Return to Pleasure Island
The story takes place on an island with an amusement park built upon it. The park provides opportunities to young boys to completely and selfishly indulge themselves. Coincidentally, this causes the boys to turn into donkeys. The amusement park benefits from turning the boys into donkeys. The boys are never aware of their transformation. George, Bill, and Joe are three golems who live on the island and work at the amusement park. They believe they are immune to the curse, because of how different golems are from humans. George is especially good at detecting boys who will soon turn into donkeys. As the tale progresses, their brother Joe begins to spend more and more time away from his brothers, as Orville, the mysterious human who brought the golems to the island, finds ways to separate Joe. Shortly after, Joe turns into a donkey. Orville splits George from Bill, too, and Bill turns into a donkey. Each time, Orville provides the golem circumstances to completely indulge himself. George is the only golem who avoids turning into a donkey at the end of the tale.
- "Return to Pleasure Island" may be a critique of consumerism. One theory of interpretation is that Doctrow is portraying the foolishness and potential dangers of seeking pleasure through the (over)consumption of goods.
- The reasons for character outcomes may not be by their free will but from their origin of different important body parts. Bill was the clever one from the left hand, Joe was from the tongue, and George was the strong one from the right hand. Bill and Joe indulged too much and turned into asses, but George did not. The author may be stating that certain characteristics, such as the ones apparent in the clever and persuasive, are more likely to be corrupted in a consumerist society.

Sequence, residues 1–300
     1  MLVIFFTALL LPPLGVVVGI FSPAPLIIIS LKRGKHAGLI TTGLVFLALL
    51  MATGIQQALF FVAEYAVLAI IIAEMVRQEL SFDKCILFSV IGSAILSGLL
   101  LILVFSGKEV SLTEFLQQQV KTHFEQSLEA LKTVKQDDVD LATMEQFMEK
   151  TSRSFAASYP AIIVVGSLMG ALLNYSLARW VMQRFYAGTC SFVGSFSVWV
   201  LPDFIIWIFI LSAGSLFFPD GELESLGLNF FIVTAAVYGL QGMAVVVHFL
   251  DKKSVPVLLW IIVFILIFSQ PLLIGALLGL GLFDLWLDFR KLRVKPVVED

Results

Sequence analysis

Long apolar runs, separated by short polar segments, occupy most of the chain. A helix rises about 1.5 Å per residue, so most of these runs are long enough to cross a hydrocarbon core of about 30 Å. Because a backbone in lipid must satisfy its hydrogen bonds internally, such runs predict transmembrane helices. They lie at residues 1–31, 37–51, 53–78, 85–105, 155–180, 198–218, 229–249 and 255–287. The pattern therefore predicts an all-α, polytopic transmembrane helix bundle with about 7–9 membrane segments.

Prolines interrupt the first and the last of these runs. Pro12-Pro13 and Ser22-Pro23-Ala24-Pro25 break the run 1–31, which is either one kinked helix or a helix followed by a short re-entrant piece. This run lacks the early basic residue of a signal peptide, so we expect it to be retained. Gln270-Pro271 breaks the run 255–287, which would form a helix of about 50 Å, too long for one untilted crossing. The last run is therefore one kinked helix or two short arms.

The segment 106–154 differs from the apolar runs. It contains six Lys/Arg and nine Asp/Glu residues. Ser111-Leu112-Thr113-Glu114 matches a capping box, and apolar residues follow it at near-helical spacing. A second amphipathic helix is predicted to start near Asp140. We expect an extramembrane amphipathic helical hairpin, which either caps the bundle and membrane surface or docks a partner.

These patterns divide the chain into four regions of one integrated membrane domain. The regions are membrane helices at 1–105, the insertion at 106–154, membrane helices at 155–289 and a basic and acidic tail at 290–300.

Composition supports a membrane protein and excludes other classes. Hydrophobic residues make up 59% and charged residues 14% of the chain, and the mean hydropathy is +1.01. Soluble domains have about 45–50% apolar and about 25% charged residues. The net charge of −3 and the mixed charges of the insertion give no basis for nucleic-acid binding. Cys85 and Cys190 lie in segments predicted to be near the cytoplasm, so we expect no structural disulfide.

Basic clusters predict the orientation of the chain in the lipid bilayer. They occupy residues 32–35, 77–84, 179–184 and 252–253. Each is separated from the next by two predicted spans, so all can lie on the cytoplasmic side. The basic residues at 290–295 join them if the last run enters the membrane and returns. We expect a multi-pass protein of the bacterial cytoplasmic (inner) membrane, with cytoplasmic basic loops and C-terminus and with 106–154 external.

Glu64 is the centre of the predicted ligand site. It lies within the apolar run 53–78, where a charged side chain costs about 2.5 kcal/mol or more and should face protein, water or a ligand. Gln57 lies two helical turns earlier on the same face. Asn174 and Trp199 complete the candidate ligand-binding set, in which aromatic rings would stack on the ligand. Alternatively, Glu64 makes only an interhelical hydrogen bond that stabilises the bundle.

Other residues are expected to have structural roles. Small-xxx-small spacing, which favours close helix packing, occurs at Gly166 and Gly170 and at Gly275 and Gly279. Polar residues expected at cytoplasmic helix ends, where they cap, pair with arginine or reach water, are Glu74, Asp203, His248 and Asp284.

- "Home is Where the Heart Is": There's an undeniably strong family dynamic that's scene consistently throughout the story. This possibly suggests what things are most important, because such a bond links the fate of many. In the case of the three boys that fate was bad, but in the case of George and his brothers, they were somewhat spared the same miserable fate because of their tight family tie.
- One main theme in "Return to Pleasure Island" is that of pleasure without responsibility. The boys in the story turn to donkeys as experience more and more pleasure without giving attention to responsibility; Joe, who has many ideas but lacks responsibility and self-control, also becomes a donkey; and Bill begins to shirk his responsibilities to spend more time with his son, and becomes a donkey as well.
Tropes and Trope Intersections Appearing in this Work
Joe gains the position of Imagineer. In the Disney amusement parks, professionals who design rides and attractions are known as Imagineers.
The Pleasure Island where the story takes place is a reference to the classic Disney movie Pinocchio. In Pinocchio, Pleasure Island was an establishment used to turn stray boys into donkeys. The boys' transformation progressed as they succumb to their vices. Pleasure Island catalyzed the process by providing many opportunities for misbehavior.
During Shakespeare's time, "biting one's thumb" at an individual was equivalent to the modern "bird". This reflects in Bill's decision to bite off his thumb, which ultimately ends in Bill's demise. Less eloquently, he "screwed" himself. "Biting one's thumb" is featured in Romeo and Juliet when a member of one family provokes a fight with another family by biting his thumb at them.